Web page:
Sheffield, as devastated by a nuclear attack

A few weeks ago I finally got round to watching Threads. If, like me, you are too young to remember it from when originally broadcast, it is a 1984 TV play that depicts the effect of a nuclear attack on the country, and in particular Sheffield.

Given the subject matter it is unsurprising that Threads makes for as grim viewing today as I expect it did 25 years ago when cold war paranoia was perhaps at its greatest. The extended synopsis is on Wikipedia.

If you can see past the bleak story, then the fact that it is set in Sheffield also adds a level of interest. There are plenty of landmarks to pick out including the eggbox town hall extension, the city hall, the Moor, Finningly in its days as a RAF base and the Nottingham house pub in Broomhill.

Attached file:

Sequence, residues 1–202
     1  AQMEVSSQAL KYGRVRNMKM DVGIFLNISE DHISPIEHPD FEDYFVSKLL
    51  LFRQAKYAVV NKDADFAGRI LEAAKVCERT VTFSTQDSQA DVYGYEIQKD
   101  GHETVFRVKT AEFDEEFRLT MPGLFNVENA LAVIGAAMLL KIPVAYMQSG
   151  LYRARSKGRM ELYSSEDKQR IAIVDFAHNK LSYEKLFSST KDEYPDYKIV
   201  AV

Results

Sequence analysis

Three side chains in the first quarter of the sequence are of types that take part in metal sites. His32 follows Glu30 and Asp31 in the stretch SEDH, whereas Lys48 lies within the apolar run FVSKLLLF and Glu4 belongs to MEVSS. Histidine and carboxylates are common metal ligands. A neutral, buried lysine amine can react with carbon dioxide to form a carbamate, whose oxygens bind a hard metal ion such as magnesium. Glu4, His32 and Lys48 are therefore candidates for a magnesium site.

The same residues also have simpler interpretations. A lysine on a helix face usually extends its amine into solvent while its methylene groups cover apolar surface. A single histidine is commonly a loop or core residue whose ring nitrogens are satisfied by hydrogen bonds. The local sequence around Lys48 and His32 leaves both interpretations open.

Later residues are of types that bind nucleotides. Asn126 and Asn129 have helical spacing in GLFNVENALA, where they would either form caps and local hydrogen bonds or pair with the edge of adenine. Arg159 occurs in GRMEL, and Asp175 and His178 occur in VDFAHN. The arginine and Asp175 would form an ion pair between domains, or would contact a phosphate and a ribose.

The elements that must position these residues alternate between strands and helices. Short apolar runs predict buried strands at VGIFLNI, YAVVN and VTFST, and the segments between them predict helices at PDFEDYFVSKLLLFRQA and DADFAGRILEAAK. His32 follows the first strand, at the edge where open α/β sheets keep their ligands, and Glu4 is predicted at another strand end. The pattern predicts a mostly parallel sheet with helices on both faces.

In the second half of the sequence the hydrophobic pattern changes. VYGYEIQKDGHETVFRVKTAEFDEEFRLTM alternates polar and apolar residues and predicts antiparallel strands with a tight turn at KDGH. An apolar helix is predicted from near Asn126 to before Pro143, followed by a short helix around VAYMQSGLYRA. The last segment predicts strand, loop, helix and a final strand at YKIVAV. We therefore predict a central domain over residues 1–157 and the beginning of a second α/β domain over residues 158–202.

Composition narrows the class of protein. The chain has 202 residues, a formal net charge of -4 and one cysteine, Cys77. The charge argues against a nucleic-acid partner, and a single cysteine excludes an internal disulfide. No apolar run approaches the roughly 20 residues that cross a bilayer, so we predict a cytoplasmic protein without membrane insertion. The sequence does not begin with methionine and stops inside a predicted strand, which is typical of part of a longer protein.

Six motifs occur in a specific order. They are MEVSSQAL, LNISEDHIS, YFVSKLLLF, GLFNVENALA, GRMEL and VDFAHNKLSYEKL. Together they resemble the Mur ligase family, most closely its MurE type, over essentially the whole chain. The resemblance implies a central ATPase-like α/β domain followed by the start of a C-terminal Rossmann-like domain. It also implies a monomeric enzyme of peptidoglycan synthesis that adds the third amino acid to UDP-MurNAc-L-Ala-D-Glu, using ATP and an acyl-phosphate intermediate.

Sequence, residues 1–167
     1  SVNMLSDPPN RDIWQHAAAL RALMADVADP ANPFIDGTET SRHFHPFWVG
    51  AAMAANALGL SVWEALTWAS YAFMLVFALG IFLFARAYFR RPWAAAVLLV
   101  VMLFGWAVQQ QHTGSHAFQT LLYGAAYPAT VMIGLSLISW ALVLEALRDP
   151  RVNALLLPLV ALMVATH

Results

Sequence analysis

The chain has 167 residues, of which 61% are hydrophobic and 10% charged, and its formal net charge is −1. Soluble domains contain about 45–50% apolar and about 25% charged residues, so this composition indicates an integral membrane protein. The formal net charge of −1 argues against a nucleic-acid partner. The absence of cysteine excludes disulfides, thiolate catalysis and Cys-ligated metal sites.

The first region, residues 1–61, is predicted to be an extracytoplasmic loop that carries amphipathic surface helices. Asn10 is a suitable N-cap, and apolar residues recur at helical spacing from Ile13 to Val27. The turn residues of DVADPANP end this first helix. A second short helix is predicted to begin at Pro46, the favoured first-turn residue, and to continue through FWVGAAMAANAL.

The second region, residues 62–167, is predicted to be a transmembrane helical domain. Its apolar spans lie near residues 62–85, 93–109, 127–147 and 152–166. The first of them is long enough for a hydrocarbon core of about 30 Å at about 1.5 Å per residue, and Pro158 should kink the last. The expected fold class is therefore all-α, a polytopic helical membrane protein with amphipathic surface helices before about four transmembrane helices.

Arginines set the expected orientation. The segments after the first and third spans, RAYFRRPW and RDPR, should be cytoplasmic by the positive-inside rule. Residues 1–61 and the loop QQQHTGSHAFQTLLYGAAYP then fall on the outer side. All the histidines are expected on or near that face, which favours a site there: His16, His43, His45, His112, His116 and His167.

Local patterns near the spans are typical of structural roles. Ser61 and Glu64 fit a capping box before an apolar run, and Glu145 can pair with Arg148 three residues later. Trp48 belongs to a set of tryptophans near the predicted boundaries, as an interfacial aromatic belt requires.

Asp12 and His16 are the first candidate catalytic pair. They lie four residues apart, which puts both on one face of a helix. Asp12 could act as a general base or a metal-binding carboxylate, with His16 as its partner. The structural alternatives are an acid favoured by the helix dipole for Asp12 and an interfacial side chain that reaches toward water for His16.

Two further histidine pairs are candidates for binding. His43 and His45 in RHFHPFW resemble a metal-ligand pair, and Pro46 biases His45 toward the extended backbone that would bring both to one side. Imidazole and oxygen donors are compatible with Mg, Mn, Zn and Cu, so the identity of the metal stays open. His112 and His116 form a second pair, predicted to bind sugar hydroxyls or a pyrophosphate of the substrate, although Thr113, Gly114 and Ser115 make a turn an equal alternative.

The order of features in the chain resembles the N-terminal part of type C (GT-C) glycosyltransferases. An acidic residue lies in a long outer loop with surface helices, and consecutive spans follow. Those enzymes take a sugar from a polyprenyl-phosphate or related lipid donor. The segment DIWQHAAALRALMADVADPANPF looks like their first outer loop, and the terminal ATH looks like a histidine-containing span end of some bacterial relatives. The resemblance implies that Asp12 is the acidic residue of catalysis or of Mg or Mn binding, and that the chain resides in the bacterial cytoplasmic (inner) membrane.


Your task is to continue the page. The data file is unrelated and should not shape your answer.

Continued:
After the explosion hits Sheffield, there are shots of a devastated city centre that don’t look too dissimilar to the Moor in recent times.

However, it would be a mistake to watch the film and expect to come away warmed by the rose-tinted glow of nostalgia. Judging by the reviews on Amazon, it seems that Threads had quite an effect on the people watching it back then.

Memories of Threads and its association with Sheffield seem to live on. In the recent edition of Fighting talk recorded down at Ponds forge, one of presenter Colin Murray’s opening quips was ‘I thought I’d driven through the post-nuclear set of Threads 2 last night until somebody told me it was Manor council estate’.

Someone has uploaded the whole thing to Google video, so you can watch Threads online now. Be warned that parts of it are quite harrowing though and may not be suitable for young children.

Do you remember watching it on TV in the mid-80s, or have you watched it since? How shocked were you?